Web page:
A study of teenagers' purchasing habits found they bought fewer sugary drinks and more water when the signs were up.
The most effective sign said it took five miles to walk off the 250 calories in a sugary drink.
Public Health England said the study showed simple health messages worked.
Study leader Dr Sara Bleich, associate professor at the Bloomberg School, John Hopkins University, said people do not understand calorie content on its own on a label.
"What our research found is that when you explain calories in an easily understandable way such as how many miles of walking is needed to burn them off, you can encourage behaviour change."
For six weeks, the brightly coloured signs were displayed in corner shops in neighbourhoods in Baltimore, in full view of young customers buying sugary drinks.
Four different signs were used in the shops. Two translated the calories in the drinks into the amount of exercise needed to burn off those calories.
One sign said it would take 50 minutes of running to work off the 250 calories - or 16 teaspoons of sugar - contained in a 590ml bottle of fizzy drink, sports drink or fruit juice.
The remaining signs listed the sugar content of the drink and the calories contained in the drink.
Sugary drink Sugary drinks, such as fruit juices and fizzy drinks, can contain up to nine teaspoons of sugar in one can
A can of fizzy drink, which is 330ml in size in the UK, contains around nine teaspoons of sugar.
To find out the impact of the signs, the researchers - writing in the American Journal of Public Health - interviewed children aged between 12 and 18 years old leaving the shop.
Out of the 35% of those interviewed who said they saw the signs, 59% said they believed the sign and 40% said their behaviour had changed as a consequence.
Before the signs were put up, 98% of drinks bought in the shops were sugary ones. After six weeks, this was reduced to 89%.
During the time the signs were on view, sales of larger bottles of fizzy drinks went down from 54% to 37% of all purchases.
The percentage of teenagers who chose to buy no drink at all in the shops increased from 27% to 33%.
This change in behaviour continued for several weeks after the "exercise" signs were taken down, the study adds.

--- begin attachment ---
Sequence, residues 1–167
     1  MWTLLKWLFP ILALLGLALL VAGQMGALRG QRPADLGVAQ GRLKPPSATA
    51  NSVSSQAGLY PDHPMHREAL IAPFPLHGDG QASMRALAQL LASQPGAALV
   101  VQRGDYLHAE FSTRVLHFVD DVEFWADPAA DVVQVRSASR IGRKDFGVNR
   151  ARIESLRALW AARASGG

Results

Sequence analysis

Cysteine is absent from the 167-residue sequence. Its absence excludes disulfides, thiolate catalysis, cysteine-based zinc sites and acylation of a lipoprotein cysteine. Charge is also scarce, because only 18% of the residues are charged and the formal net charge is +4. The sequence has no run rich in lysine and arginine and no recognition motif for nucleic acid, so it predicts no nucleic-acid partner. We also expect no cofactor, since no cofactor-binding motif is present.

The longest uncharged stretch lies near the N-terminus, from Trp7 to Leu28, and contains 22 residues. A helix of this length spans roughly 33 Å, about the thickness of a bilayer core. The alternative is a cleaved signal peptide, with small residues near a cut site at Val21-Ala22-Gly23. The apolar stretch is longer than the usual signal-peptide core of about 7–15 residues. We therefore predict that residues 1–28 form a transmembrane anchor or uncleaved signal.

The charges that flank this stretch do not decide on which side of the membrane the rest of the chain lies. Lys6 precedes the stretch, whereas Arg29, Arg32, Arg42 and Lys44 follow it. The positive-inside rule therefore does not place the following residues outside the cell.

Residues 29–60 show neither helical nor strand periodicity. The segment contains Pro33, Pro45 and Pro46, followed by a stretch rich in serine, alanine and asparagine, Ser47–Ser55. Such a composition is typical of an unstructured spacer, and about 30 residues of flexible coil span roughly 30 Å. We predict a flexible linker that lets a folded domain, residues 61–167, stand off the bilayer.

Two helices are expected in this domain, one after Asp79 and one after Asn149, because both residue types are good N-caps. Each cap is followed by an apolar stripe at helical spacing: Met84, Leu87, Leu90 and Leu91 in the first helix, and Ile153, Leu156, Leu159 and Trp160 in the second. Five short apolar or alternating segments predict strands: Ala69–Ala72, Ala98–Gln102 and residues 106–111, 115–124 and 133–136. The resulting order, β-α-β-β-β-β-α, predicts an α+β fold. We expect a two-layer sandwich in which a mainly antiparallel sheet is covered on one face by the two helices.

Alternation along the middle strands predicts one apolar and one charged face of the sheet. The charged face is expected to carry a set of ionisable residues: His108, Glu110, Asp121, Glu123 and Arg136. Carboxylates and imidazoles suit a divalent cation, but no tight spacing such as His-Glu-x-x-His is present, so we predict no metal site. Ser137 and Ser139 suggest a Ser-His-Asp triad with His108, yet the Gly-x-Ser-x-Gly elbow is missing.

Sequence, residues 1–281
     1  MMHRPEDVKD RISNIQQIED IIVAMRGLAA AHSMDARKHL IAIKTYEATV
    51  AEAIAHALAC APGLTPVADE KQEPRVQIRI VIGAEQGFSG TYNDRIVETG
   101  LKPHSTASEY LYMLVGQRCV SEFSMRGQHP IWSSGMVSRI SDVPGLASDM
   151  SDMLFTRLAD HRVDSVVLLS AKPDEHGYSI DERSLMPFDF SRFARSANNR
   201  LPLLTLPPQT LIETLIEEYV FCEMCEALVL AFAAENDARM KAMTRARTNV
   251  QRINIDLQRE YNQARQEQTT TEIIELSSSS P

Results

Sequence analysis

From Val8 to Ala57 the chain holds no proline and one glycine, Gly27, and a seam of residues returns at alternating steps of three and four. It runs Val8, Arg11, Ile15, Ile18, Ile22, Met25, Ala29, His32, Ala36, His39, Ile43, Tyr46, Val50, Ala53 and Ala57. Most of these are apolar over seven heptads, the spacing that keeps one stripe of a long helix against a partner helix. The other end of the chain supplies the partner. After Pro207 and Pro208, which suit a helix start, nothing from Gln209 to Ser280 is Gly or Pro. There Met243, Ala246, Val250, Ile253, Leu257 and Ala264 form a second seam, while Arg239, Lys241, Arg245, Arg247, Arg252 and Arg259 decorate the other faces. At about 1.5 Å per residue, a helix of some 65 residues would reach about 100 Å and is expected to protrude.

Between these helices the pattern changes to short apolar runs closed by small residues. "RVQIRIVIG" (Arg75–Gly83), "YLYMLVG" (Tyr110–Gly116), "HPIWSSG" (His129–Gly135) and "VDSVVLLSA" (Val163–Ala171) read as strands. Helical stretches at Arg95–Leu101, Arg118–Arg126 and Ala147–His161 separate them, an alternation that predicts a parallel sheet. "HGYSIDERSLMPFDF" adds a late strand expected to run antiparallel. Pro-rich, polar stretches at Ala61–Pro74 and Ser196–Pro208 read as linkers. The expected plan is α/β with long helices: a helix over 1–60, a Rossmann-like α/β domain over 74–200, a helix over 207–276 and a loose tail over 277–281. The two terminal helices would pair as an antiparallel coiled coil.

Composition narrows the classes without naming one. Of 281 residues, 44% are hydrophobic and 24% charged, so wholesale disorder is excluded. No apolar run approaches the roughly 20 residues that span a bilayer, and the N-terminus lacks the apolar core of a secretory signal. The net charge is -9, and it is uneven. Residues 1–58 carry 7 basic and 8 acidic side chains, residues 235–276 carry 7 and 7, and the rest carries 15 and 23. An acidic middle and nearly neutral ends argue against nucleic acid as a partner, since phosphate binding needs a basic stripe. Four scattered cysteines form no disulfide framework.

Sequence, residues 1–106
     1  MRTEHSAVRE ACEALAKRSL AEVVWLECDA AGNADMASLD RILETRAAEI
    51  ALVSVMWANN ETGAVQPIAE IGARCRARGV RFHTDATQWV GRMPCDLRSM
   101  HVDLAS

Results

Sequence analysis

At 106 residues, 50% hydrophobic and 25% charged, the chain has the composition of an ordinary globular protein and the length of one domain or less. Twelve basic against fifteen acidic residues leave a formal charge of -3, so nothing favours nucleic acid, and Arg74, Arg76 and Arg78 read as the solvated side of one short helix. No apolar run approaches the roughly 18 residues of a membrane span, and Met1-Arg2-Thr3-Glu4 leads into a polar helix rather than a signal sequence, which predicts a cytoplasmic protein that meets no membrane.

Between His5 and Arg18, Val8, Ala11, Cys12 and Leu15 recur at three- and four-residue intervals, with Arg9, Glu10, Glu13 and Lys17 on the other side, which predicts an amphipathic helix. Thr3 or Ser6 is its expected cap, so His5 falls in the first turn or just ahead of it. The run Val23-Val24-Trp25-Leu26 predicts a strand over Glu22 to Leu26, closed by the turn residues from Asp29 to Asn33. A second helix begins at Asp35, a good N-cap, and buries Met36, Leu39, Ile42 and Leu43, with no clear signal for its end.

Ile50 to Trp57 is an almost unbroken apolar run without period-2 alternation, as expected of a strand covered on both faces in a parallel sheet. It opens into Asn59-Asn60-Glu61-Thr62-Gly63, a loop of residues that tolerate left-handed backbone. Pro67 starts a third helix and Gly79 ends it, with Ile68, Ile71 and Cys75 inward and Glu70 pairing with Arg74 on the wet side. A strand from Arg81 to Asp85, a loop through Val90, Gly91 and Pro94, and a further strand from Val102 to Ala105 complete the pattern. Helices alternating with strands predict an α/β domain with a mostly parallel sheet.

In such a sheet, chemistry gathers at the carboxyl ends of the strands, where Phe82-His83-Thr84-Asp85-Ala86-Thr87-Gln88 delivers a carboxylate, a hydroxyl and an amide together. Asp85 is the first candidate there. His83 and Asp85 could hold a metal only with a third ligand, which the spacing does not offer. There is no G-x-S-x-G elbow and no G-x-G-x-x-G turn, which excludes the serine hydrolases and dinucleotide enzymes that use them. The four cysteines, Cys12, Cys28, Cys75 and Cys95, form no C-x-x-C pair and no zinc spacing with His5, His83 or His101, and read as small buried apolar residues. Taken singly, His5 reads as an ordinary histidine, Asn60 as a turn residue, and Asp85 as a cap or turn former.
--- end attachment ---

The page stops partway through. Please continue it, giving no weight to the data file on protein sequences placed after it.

In total, more than 3,000 drinks purchases were observed by the research team.
Dr Bleich said the findings could help in the fight against obesity,
"This is a very low-cost way to get children old enough to make their own purchases to drink fewer sugar-sweetened beverages and they appear to be effective even after they are removed.
"Using these easy-to-understand and easy-to-install signs may help promote obesity-prevention or weight loss."
Dr Alison Tedstone, chief nutritionist at Public Health England, said: "This is an interesting study which demonstrates that we need to use a range of clear, simple messages to help people follow healthier diets.
"This is one of many possible approaches and PHE continues to keep the evidence base for behaviour change under review."
PHE says Change4Life uses "sugar reveals" in its campaigns which have been proven to have an impact on a person's selection of drinks.
Dr Tedstone added: "We all need to make sure we get our six to eight glasses of fluids a day not from sugary drinks but from water, lower fat milk, no added sugar or sugar-free drinks."
Kawther Hashem, a nutritionist at campaign group Action on Sugar said that any measure which helps draw attention to the dangers of consuming too many calories - was "a good thing, especially if it converts awareness into people taking positive action and switching to less calorific drinks".
She said it was also critical that soft drink manufacturers were made to reduce the sugar content of their drinks.
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